GRAND RAPIDS, Mich. (WOOD) — The farm-to-table movement in West Michigan is stronger than ever. But how do chefs find the food that ends up on your plate?
A company helping to bridge the gap is FarmLink, which connects local farms to restaurants.
“We streamline that whole process, as in we work with about 50 farms right now — producers, cheese makers, anything that is made around here,” said Gerald Adams, the founder of West Michigan FarmLink.
Chef Chris Perkey owns Osteria Rossa in downtown Grand Rapids and will soon open his second restaurant, Iron, on 25 Ottawa Avenue right across the Van Andel Arena. Food freshness is extremely important to Chef Perkey.
“For years I’ve been sourcing food through farmers. But that usually required calling numerous farmers, making numerous phone calls a week to different people, different farms — trying to figure out what they have, what they don’t have, when they’ll have stuff,” Perkey said.
That is something he no longer needs to do thanks to FarmLink.
“The glory of FarmLink and the genius behind it is they bring that to me now. All I have to do is go online and all the farmers that I’ve been using they post what they have. So I don’t really have to do the leg work guess as to what a farmer carries, what’s coming,” said Perkey.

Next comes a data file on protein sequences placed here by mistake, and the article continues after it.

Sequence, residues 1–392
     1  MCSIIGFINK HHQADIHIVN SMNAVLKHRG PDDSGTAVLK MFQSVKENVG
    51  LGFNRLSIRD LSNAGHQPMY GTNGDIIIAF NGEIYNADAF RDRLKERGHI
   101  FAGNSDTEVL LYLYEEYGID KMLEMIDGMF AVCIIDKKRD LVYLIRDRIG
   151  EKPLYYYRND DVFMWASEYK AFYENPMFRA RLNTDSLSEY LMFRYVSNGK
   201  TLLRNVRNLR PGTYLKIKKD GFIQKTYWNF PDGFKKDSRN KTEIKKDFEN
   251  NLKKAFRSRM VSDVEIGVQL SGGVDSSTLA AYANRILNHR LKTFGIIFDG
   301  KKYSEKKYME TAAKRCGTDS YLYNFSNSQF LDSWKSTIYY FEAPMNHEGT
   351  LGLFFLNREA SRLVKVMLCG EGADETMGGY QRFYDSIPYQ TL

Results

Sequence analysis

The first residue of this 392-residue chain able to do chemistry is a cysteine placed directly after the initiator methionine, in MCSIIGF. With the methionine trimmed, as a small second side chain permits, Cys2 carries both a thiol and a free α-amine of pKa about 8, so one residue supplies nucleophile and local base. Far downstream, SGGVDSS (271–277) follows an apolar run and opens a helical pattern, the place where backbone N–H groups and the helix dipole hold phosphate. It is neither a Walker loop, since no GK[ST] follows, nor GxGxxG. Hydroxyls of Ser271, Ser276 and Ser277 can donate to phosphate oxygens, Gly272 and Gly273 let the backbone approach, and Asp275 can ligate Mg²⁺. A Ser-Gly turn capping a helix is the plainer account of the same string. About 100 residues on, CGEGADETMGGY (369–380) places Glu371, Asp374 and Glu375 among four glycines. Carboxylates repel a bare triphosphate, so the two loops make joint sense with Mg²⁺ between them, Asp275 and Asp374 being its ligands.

All of the products FarmLink sells come from local farmers and producers.
Here is how it works: Farmers log onto the website and list the products they have and price. Then the chef logs in and chooses what they want to buy. The farmers get the orders, drop the products off to FarmLink where chefs then pick up their orders.
“It really is if you want fresh product, there is no other way to get fresher product unless you drive to the farm and cut it yourself,” Adams said.
“You just open up the page and you have hundreds and hundreds and hundreds of products to pick from and you just kind of start wrapping your brain around it,” Perkey said.
Chef Perky says he is able to get around 80 percent of the products he uses in his restaurants through local sources, something both he and his diners love.
“It’s very important to them mostly for the freshness. And for the fact we are keeping the money right here in West Michigan,” said Perky.